The History of Mother's Day

The earliest Mother's Day celebrations can be traced back to the spring celebrations of ancient Greece in honor of Rhea, the Mother of the Gods.

During the 1600's, England celebrated a day called "Mothering Sunday".

Celebrated on the 4th Sunday of Lent, "Mothering Sunday" honored the mothers of England.

In the United States Mother's Day was first suggested in 1872 by Julia Ward Howe as a day dedicated to peace. Miss Howe would hold organized Mother's Day meetings in Boston, Mass every year.

In 1907 Ana Jarvis, from Philadelphia, began a campaign to establish a national Mother's Day.

Miss Jarvis persuaded her mother's church in Grafton, West Virginia to celebrate Mother's Day on the second anniversary of her mother's death, the 2nd Sunday of May.

By the next year Mother's Day was also celebrated in Philadelphia.

Mrs. Jarvis and her supporters began petitioning ministers, businessmen, and politicians in their quest to establish a national Mother's Day.

In 1914 President Woodrow Wilson made the official announcement proclaiming Mother's Day as a national holiday that was to be held each year on the 2nd Sunday of May.
Since carnations were Mrs. Jarvis's favorite  flower, soon after people everywhere began wearing carnations to honor their moms.

The U.S. Mothers' Day is a holiday celebrated on second Sunday in May. It is a day when children honor their mothers with cards, gifts, and flowers.
Many other countries of the world celebrate their own Mother's Day at different times throughout the year.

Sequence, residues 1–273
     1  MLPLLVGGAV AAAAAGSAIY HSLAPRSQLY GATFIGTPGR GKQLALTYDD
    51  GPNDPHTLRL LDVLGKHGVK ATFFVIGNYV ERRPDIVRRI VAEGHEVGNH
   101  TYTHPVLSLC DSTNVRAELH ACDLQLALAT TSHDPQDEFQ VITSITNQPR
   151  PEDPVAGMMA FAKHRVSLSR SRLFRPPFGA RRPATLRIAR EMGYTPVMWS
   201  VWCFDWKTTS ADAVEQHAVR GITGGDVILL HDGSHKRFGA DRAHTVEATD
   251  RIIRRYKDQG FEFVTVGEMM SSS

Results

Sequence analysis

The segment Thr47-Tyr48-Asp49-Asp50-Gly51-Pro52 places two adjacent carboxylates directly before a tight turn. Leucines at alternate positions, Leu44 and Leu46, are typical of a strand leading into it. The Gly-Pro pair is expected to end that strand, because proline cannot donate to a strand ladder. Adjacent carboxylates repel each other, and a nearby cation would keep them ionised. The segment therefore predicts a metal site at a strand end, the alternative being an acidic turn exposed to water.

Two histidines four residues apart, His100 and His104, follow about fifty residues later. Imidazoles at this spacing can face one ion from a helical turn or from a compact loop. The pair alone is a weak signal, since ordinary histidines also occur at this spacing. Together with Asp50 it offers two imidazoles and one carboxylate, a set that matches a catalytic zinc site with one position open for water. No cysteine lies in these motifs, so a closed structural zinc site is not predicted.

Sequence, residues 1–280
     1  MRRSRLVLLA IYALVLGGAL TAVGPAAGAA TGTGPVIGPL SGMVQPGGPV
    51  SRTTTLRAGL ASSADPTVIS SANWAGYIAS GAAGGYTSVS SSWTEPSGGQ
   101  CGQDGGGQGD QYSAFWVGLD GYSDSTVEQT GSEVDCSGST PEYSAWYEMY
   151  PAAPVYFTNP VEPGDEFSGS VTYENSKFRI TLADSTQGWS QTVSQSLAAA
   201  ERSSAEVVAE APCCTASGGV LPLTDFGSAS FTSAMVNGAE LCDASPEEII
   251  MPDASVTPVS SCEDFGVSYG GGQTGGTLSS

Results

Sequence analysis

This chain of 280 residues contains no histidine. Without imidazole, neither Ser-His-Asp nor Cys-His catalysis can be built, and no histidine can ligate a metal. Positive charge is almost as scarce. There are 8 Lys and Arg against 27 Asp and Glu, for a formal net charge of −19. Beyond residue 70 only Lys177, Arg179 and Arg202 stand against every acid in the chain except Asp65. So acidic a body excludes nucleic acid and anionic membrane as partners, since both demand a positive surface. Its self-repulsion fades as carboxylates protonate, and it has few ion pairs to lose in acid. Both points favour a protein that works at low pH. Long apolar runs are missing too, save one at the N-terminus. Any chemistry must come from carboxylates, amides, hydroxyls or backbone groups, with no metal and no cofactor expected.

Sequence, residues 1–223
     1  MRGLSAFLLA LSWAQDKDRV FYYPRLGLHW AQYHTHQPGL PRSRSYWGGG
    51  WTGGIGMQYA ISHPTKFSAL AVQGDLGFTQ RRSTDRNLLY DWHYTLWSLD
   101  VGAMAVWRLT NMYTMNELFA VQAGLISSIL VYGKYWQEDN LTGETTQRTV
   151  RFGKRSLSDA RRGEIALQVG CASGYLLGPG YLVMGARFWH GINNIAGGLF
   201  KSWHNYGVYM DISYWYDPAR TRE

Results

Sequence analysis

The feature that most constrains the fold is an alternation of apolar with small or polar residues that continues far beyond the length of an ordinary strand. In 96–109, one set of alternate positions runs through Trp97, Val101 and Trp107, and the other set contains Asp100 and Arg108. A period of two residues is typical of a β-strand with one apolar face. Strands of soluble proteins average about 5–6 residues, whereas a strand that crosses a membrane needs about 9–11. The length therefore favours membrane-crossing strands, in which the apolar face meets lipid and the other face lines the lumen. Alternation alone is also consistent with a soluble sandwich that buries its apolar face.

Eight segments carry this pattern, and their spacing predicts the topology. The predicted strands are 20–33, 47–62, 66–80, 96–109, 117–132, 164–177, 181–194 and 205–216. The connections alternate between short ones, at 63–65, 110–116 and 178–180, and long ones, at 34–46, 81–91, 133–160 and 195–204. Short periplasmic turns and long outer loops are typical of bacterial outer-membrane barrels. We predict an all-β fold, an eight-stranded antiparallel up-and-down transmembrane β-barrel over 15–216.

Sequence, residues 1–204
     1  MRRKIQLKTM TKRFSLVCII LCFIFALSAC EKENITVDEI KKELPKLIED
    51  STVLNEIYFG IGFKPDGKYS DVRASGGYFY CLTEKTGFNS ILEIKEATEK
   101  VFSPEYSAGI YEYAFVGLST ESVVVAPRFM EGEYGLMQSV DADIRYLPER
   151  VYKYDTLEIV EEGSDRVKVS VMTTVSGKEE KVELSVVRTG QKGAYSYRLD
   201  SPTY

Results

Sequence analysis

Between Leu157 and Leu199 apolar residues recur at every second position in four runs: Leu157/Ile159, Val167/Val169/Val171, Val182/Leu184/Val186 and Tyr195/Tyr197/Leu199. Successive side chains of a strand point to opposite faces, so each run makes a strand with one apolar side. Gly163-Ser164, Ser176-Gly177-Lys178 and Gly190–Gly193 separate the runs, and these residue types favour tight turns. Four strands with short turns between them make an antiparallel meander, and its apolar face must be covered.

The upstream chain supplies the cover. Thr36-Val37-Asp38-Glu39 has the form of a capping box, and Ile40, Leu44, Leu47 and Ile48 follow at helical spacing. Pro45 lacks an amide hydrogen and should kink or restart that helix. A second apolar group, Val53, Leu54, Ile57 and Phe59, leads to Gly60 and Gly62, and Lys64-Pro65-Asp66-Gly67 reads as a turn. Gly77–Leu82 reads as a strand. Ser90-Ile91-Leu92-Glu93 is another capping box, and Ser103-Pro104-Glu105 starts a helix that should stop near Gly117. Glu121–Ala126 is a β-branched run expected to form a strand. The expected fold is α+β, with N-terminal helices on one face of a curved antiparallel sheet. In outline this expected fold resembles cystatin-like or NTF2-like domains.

Australia, celebrate Mother's Day on the second Sunday in May, as in the U.S.
Red Carnations       indicates your mother is alive
White Carnations    indicates your mother passed away
Yellow Carnations   indicates you're a Bereaved Mother.

What is a Mother?

It takes a Mother's LOVE to make a house a home,
A place to be remembered, no matter where we roam.
It takes a Mother's PATIENCE to bring a child up right,

to make a dark day bright

It takes a Mother's THOUGHTFULNESS
to mend the heart's deep hurts,

And her SKILL and her ENDURANCE
to mend little socks and shirts.

It takes a Mother's KINDNESS
to forgive us when we err,
To sympathize in trouble and bow her head in prayer.

It takes a Mother's WISDOM to recognize our needs
And to give us reassurance
by her loving words and deeds.

It takes a Mother's ENDLESS FAITH,
To guide us through the pitfalls of selfishness and lust.
And that is why in all the world
there could not be another

Who could fulfill God's purpose as completely as a MOTHER!

~Helen Steiner Rice~

God bless our faithful good mothers.


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